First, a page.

Pyrgos Mavroraki Smelting and Melting Experiments in a Metallurgical Workshop of the Second Millennium BC

Maria Rosaria Belgiorno and
Livio Pontieri (IT)
Interpreting the cultural influences of Cyprus in antiquity has posed an issue, depending on one’s point of view or the different conclusions reached. Until the 1970s, in large part due to the extensive excavations along the northern coast of Cyprus, it seemed reasonable to recognise a plethora of Aegean traits in the island culture. Every element of the Cypriot Bronze Age was analysed and interpreted in...

Experimental Roman Minting: Casting Silver-Copper Alloys into a Bronze Mould

Nicola George (UK)
This paper provides the details of a Roman minting experiment, which used a bronze mould to cast debased silver blanks typical of the third century A.D. The investigation follows the paper ''Experiments reproducing Roman debased alloys" (George, 2020) which studied the manufacturing methods used in the production of Roman silver coinage. The purpose of those experiments was to both...

Irish Copper Axe-Ingots Recovered in Brittany: Experimental Casting to Recreate Porous Material

Aurélien Burlot (IE)
The present study discusses the casting of copper axe-ingots in open, wet sand moulds, in an attempt to recreate porous artefacts that have been recovered in Brittany, France. The original axe-ingots are considered to be Irish copper metalwork from the Early Bonze Age. However, these artefacts are not finished objects and are poorly cast. This nevertheless appears to be deliberate because...

A Short Guide to Making Wax Tablets

Αntonis Vlavogilakis (GR)
A few years ago, I conducted a series of experiments focusing on wax tablets as drawing tools in antiquity (Vlavogilakis, in press. All references to my earlier experiments with wax tablets refer to this paper). When this was over, I decided to create a diptych as a present. The method of making was inspired from examples of tablets and diptychs from different periods: Bronze Age...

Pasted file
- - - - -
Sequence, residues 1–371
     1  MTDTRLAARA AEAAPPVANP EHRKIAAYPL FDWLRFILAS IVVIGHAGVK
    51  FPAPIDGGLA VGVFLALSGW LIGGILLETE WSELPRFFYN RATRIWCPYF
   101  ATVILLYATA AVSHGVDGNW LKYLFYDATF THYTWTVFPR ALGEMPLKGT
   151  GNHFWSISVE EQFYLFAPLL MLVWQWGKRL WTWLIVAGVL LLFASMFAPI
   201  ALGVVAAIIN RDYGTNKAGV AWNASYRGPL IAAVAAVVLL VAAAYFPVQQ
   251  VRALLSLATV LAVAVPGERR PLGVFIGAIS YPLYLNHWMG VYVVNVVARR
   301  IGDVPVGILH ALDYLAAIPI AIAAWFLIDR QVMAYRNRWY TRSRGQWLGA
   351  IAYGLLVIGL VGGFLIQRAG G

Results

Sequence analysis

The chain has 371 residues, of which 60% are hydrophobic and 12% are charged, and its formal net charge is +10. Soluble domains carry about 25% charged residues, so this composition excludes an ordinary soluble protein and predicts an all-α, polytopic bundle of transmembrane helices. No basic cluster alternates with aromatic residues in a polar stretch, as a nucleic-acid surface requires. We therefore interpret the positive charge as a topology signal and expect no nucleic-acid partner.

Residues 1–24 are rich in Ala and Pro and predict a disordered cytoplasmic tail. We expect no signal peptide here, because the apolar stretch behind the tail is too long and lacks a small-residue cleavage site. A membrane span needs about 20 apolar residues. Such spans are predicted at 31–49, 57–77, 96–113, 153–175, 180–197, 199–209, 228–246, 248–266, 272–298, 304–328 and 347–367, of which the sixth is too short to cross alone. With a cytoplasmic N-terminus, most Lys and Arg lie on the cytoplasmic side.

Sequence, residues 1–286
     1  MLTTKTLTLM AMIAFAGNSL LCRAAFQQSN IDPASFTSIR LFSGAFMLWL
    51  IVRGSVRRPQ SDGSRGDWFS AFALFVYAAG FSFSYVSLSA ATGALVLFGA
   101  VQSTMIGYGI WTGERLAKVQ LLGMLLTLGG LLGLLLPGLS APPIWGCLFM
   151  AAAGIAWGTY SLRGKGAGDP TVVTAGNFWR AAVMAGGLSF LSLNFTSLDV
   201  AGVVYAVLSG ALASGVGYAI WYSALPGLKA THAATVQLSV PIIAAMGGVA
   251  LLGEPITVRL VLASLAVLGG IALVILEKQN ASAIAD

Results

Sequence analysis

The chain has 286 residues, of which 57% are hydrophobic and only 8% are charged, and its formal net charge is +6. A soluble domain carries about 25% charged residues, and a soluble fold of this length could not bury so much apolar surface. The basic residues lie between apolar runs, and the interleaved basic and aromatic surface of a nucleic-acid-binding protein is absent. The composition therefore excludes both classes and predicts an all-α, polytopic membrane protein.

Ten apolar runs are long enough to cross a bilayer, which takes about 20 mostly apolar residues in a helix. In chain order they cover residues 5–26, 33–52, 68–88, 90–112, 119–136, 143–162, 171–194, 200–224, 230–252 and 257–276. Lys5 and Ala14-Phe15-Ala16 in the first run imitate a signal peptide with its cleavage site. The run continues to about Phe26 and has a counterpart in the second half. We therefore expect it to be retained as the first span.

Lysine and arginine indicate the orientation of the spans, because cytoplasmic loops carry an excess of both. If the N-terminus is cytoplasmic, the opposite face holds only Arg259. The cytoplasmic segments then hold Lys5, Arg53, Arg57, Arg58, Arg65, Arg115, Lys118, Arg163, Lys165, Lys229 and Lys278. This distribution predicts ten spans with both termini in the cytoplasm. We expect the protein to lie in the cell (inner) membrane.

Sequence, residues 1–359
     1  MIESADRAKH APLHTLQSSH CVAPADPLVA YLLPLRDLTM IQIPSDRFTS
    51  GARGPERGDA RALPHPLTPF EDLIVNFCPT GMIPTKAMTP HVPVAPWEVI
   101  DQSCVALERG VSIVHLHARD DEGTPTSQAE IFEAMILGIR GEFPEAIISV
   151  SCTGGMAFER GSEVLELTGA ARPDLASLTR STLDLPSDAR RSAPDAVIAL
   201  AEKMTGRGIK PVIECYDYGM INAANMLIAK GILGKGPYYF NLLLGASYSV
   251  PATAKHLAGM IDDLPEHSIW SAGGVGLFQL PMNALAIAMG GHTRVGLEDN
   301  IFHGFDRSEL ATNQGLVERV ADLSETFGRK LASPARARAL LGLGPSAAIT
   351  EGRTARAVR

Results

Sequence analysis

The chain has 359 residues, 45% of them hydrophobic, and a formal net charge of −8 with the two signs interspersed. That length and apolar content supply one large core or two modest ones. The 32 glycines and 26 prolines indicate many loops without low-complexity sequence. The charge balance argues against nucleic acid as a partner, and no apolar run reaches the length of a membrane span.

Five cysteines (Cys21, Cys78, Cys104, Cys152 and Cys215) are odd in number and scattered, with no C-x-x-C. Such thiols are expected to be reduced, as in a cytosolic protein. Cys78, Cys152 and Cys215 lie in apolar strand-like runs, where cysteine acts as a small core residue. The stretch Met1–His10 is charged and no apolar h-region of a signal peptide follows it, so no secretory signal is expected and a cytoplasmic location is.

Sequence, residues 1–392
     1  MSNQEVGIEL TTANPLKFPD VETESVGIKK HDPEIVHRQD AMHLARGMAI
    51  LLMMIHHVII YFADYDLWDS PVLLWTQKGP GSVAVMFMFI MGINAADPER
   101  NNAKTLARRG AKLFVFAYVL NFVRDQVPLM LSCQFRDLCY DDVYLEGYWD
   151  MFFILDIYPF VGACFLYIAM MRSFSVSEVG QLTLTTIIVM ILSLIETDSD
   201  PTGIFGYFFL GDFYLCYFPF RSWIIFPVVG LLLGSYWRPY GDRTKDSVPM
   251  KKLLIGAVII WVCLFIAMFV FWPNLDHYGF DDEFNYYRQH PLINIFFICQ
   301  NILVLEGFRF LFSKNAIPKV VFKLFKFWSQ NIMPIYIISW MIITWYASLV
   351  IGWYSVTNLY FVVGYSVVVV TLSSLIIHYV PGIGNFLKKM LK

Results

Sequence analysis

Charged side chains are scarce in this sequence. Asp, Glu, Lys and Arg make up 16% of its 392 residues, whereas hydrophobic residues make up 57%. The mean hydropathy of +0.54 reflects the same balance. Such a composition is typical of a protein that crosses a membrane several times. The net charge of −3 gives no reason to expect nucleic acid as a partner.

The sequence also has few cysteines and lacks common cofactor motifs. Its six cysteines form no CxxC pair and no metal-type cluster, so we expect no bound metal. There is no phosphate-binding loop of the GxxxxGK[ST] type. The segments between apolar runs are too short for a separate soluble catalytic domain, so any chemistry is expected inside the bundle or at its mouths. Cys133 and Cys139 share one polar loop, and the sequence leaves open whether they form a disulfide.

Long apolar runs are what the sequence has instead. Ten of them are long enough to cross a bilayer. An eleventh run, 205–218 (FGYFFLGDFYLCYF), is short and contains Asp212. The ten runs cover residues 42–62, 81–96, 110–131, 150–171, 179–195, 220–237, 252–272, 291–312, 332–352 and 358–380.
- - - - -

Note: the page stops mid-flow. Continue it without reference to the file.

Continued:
Socketed Axes of the Irish Late Bronze Age: Understanding the Internal Rib Phenomenon

Terry Runner (US)
This study explores the possibility that the internal rib commonly recognised inside bronze socketed axes may suggest an entirely different step in the casting process than previously thought. The internal rib, more commonly referred to as a ‘hafting rib’, has always been regarded as a functional addition to help tighten the grip of the haft once fitted into the socket. However, many of the internal ribs...

Viking Jewellery Mould Making. Experimental and Reconstructive Aspects

Anders Söderberg (SE)
Craftsmanship relies upon the silent knowledge of the skilled experience of the creative workings of the hands, a knowledge that is difficult to convert to written characters without creating a blur of words that make very little sense. Theoretical reasoning lacks the dialogue with, and the resistance from, the raw material. Making up a picture of how wax, clay and metal would behave without practical experience of them is...


An object formed by pouring liquid metal into a mould.

Experiencing Visible and Invisible Metal Casting Techniques in Bronze Age Italy

M. Barbieri,
C. Cavazzuti,
L. Pellegrini and
F. Scacchetti (IT)
OpenArch Dialogue with Skills Issue
***What we know about Bronze Age metalworking in Italy basically relies on finished artefacts and on stone, clay or bronze implements involved in the process of manufacturing (tuyères, crucibles, moulds, hammers, chisels, et cetera; Bianchi, 2010; Bianchi, in press).